Published: Tue, February 06, 2018
Hi-Tech | By Wayne Curry

Samsung heir walks free after appeals court quashes bribery charges

Samsung heir walks free after appeals court quashes bribery charges

005930) heir, Lee Jae-yong, has walked free from his suspended jail sentence following the scandal of bribery and corruption.

President Park was dismissed in March after being impeached in a case that brought scrutiny to the cozy ties between South Korea's chaebols - big family-owned corporate groups - and its political leaders.

His sentencing confirmed what had always been suspected: links between the nation's most successful and renowned company and the country's government.

Lee had faced five charges, including embezzlement and hiding assets overseas.

Lee was arrested previous year on charges that he paid bribes to a confidante of South Korea's former president in exchange for political favours.

In a surprise decision, the Seoul High Court softened the original ruling against Lee, rejecting most of the bribery charges levelled against him by prosecutors who had been seeking a 12-year jail term. Lee's lawyer, Lee In-jae, said the defence would appeal to the Supreme Court to try to overturn the convictions.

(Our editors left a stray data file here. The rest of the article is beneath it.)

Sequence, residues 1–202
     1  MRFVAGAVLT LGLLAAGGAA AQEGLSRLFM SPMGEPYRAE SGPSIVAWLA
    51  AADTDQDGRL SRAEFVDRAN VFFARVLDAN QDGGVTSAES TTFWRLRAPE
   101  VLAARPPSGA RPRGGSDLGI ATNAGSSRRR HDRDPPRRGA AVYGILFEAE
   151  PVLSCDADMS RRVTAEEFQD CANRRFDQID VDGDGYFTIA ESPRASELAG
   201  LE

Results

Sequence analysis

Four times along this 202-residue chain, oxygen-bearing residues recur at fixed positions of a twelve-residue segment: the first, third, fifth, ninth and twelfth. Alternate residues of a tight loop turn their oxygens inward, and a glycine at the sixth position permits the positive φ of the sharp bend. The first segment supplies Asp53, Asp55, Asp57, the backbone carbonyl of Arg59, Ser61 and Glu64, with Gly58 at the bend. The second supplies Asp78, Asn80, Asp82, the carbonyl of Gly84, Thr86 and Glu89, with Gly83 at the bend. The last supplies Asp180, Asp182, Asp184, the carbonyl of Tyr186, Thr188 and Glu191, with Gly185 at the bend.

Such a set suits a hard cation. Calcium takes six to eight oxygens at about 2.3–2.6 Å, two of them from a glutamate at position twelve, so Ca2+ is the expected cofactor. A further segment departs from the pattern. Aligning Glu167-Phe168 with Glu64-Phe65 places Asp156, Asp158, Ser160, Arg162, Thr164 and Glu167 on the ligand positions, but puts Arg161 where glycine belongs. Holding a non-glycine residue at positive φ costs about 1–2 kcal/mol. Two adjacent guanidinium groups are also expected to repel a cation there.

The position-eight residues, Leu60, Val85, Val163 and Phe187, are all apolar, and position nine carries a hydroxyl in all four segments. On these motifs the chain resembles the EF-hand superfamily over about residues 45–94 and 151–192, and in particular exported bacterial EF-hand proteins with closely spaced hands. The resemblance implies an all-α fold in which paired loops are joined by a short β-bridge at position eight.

Speaking in front of cameras in Seoul, Lee said his time behind bars had been a "really valuable" period of self-reflection. After all, Park's trial could reveal further evidence of her dealings with Samsung and with Lee in particular.

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But the three-judge bench of the Seoul Central District Court found Lee guilty of paying bribes totaling $6.4 million, which he embezzled from the company, and then lied about it. That's what happened to his father, Samsung Group Chairman Lee Kun-hee, who was twice convicted of corruption - and twice pardoned. He has spent close to a year in detention and has been released for the next four years on probation. Commentators said today's decision was in keeping with past lenient legal treatment of their leaders.

Lee, wearing a dark suit and white shirt and looking noticeably worn, did not show any emotion when the ruling was announced.

The funds were allegedly in exchange for help toward the merger of Samsung affiliates and other purposes.

It isn't clear when Lee will return to Samsung in a formal role.

Many South Koreans were expecting a tough stance from the appeals court and took to social media and online news portals to vent their anger at the ruling and the judge who issued the verdict. The Suwon, South Korea-based company took the opportunity to unveil a 50-to-1 stock split, which sent its shares surging.

But the appeals court said Lee did not seek any help from Park.

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